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Bill means community council could reclaim its roots
The mass resignation of the Vashon-Maury Island Community Council (VMICC) board late last year was deeply disturbing. Vashon had nine civic-minded people working hard to provide an open, neutral forum for discussion of Island issues. Suddenly, aggressive requests by an Islander citing the Public Records Act, along with a King County opinion that since the VMICC had an Unincorporated Area Council (UAC) contract with the county, the VMICC must comply with the far-reaching Public Records Act, caused the entire board to resign. I understand why the board resigned. No one in their right mind would want to let a lawsuit eat up countless hours of their time, on top of the hundreds of hours they were already volunteering. I’ve been there (in Vashon Village vs. Water District 19.) It’s no fun.
The aftermath has been confusing, contentious and alarming.
To be brief, what has struck me over the last couple of months is the aggressive efforts of the replacement board to redefine the VMICC as a “quasi-governmental body” and to identify the VMICC board as the Island’s spokespeople. That was again apparent at the April 14 meeting with Lauren Smith of the King County Executive’s Office as the VMICC board members vigorously protested any change to the UAC status quo. The board seems to be actively engaged in lobbying the county and changing the VMICC bylaws to give the VMICC board more power.
The executive’s new proposal, which Lauren Smith presented, was developed in response to a unilateral action by King County Council to eliminate UACs in the face of serious budget shortfalls. That’s not too surprising; it makes sense to cut UAC funds, which largely go to paying for liability insurance for the councils, rather than cut funds for public nurses and other more important services. The proposal puts forth a new framework that provides effective lawsuit protection of council volunteers, expanded outreach and wider public engagement — all concepts that we should support.
Unfortunately, the primary thing our UAC status has brought us is an avenue for lawsuits parading under the false banner of “transparency,” which has nearly undone our community council and with it our open, neutral forum to discuss community issues. The council has never acted as a governmental body. For decades before the Vashon community council was a UAC, it was very effective when action was needed. Look at the ASARCO smelter issue, the bridge to the mainland, ferry issues, community planning, ground water protection, the Glacier mine and a host of other issues. Vashon can be effective and has repeatedly demonstrated it doesn’t need to have a quasi-governmental entity to do so.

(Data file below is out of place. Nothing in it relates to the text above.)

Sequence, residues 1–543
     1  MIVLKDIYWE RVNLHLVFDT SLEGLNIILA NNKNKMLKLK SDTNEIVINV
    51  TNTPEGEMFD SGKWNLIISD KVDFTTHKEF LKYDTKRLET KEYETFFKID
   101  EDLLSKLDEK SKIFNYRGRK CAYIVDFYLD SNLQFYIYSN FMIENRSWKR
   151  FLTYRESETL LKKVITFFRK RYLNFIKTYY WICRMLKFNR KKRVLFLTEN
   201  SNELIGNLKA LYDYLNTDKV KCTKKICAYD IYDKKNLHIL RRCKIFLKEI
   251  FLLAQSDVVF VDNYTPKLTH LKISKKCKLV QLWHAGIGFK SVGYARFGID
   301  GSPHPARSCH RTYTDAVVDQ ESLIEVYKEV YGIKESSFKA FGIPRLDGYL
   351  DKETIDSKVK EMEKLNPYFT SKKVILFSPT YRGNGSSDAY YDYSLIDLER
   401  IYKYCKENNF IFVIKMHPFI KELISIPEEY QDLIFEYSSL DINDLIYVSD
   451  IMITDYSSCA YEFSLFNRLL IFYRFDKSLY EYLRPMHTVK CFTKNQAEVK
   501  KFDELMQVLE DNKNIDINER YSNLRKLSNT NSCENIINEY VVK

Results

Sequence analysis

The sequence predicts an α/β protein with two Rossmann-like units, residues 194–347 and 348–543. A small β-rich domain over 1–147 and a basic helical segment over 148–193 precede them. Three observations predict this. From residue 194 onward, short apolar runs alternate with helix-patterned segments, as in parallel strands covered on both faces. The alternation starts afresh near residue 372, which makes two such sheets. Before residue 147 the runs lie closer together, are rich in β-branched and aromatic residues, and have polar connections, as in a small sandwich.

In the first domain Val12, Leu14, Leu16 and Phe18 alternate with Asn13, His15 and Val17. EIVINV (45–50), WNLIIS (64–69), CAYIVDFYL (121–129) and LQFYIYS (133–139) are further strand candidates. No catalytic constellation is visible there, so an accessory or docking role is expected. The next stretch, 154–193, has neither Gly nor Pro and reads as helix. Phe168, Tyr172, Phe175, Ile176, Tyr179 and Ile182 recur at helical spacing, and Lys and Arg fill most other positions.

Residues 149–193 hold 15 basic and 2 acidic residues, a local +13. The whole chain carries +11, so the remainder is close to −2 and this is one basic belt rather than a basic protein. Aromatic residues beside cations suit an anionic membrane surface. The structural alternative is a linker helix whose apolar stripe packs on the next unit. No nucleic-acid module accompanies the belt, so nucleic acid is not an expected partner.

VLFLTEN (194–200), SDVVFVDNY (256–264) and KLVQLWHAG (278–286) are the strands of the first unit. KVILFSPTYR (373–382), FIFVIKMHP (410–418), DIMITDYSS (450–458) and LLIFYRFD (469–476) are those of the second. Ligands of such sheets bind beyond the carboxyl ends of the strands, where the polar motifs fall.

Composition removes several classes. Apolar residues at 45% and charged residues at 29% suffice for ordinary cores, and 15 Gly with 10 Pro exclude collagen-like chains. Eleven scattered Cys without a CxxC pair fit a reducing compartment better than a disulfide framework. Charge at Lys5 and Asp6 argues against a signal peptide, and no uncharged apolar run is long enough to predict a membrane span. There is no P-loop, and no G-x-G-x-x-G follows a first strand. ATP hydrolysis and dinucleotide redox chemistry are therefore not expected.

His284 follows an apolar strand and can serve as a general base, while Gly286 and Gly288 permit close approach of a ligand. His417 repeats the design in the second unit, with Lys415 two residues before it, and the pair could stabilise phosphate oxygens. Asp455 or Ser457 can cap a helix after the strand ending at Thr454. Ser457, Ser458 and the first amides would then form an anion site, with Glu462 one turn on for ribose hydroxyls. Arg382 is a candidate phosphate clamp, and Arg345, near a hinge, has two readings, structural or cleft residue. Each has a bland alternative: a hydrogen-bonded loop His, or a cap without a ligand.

In “Community and the Politics of Place,” Daniel Kemmis observes how many political situations lead to polarization and stalemates as adversarial parties aggressively pursue their private interests. He describes how each time this happens, a few more citizens walk away from participating. Current national politics fit that description. And Vashon community council politics are morphing into a similar mold. Kemmis advocates for focusing on solving problems at a community level and seeking collaboration through a pattern based on cooperation and mutual trust between those with different interests. That approach is more reminiscent of the history of the Vashon community than the recent adversarial commotion at the VMICC.
The upcoming VMICC meeting on Monday, April 25, will be vital in determining where our community is headed. Bylaw changes can only be voted on at the April and October general meetings.
Will proposed bylaw changes be passed allowing the board to make decisions and take action without the approval of the community body? The bylaws committee has recommended against it, but the current board is clearly seeking more power.
— Frank Jackson was the president of the Vashon-Maury Island Community Council in the 1980s and a is a former commissioner of Water District 19.
To read the proposed bylaw changes, visit http://www.vmicc.org/docs/vmicc_proposed_bylaw_changes.pdf. The community council is expected to vote on these proposals at its next meeting, 7 p.m. Monday, April 25, at McMurray Middle School.